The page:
So awesome. So. AWESOME!

There’s something special about playoff baseball that just kicks so much ass.

The intensity goes through the roof! It doesn’t matter which team is playing, the ante is always higher the later and later we get into fall.

Last round, I went 0-2, dropping me to 3-3 this season. Good, I’m glad.

How unpredictable has this postseason been? Who knew the Rangers and Giants would be playing in the World Series as they send the Phillies and Yankees—the last two teams to win the Series, as well as the last two teams to participate in the last two seasons—home empty-handed?

I sure as hell didn’t. I said from day one, Phillies over Yankees in the WS. Glad I’m wrong. These playoffs have been incredible to watch. Fortunately, it’s the World Series. Unfortunately, playoff baseball is ending in 4-7 games.

Behold the schedule…in all its glory:

Game 1: TEX@SF – Oct 27 7:57pm
TEX: LHP Cliff Lee
SF: RHP Tim Lincecum

Game 2: TEX@SF – Oct 28 7:57pm
TEX: LHP C.J. Wilson
SF: RHP Matt Cain

Game 3: SF@TEX – Oct 30 6:57pm
SF: LHP Jonathan Sánchez
TEX: RHP Colby Lewis

Game 4: SF@TEX – Oct 31 8:20pm
SF: LHP Madison Bumgarner
TEX: RHP Tommy Hunter

Game 5: SF@TEX – Nov 1 7:57pm
SF: RHP Tim Lincecum
TEX: LHP Cliff Lee

Game 6: TEX@SF – Nov 3 7:57pm
TEX: LHP C.J. Wilson
SF: RHP Matt Cain

Game 7: TEX@SF – Nov 4 7:57pm
TEX: RHP Colby Lewis
SF: LHP Jonathan Sánchez

Game 1. Cliff Lee. Tim Lincecum. I’m not making this up. And if there is a god, we get to see this again in Game 5.

It’s going to be a *terrible* series for TV, but for baseball fans and enthusiasts, they’ve been salivating over it for days. Neither the Giants nor the Rangers were supposed to get this far, but both have proven they deserve it. The Giants are gunning for their first championship since 1954, while the Rangers are going for their first one ever. Both crowds are going to be bananas.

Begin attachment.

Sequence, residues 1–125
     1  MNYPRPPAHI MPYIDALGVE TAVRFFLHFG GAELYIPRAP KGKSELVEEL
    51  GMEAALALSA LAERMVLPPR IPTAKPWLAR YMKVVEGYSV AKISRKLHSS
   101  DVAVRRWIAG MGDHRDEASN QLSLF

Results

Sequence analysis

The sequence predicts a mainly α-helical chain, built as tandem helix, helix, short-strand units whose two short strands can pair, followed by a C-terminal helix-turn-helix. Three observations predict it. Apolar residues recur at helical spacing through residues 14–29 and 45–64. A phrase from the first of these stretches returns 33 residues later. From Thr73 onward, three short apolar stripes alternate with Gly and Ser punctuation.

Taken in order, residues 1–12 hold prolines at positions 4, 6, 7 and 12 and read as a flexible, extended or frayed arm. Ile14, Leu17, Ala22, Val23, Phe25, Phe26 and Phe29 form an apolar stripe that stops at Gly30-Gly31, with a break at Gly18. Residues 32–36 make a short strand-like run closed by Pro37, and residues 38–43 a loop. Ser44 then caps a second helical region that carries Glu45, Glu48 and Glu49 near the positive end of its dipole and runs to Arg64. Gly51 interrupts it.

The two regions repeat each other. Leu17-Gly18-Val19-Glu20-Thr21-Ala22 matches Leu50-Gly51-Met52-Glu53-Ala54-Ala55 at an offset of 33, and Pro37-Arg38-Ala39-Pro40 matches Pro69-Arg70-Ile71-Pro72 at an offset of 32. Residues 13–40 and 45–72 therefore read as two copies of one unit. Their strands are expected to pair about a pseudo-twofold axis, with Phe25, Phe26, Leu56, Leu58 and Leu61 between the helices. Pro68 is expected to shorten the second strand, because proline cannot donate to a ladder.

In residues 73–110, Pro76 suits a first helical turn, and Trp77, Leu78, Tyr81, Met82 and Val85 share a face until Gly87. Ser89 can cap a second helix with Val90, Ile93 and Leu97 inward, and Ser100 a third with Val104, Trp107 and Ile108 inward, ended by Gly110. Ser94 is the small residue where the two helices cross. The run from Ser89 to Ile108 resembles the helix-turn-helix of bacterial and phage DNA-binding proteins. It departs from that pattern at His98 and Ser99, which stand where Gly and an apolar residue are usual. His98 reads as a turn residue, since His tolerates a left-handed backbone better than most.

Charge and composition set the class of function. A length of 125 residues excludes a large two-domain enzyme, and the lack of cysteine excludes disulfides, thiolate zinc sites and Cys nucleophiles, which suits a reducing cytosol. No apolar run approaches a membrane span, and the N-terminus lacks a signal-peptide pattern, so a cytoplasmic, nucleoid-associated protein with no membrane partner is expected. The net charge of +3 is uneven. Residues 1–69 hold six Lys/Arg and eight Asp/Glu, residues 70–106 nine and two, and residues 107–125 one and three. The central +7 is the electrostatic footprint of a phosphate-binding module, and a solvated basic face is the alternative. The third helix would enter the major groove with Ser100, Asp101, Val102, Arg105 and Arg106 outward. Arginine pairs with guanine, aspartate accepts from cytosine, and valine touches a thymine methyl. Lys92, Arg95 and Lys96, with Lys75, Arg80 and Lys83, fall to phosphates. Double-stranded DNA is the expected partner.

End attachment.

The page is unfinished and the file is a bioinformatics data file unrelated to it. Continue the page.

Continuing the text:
How’s this for karma? Coming into this season, the Giants have not won a World Series Championship in 52 seasons. The Rangers went 49 years without even a postseason series win, let alone a World Series appearance. These two teams account for two of the top four clubs with the longest World Series Championship droughts. Add them up, and what do you get? 101, the number of years the Cubs have been waiting. That damn goat!


We BeLEEve!

I’m going to throw some stats at you, just to show you how unfair this is.

In eight postseason starts, Cliff Lee is 7-0 with a 1.26 ERA. Only Sandy Koufax and Christy Mathewson have a lower ERA among pitchers with at least five starts in the postseason.

He’s the first pitcher ever with three straight postseason games of at least 10 strikeouts. He has five 10-strikeout games in his postseason career; one more and he’ll be the only one ever with six, passing legend Randy Johnson. Lee had 30 strikeouts in between walks, another postseason record. There have been eight postseason games in history in which a pitcher has struck out 10 and walked none; Lee has four of them.

This dude is dirty. He’s got a solid fastball, jams hitters inside, and has an outstanding curve and cutter. You know he’s throwing strikes, but you can’t do anything about it. Lee will be on more than full rest for Game 1 (as per all starts), but can he go on short rest if he has to, something he’s never done in the postseason?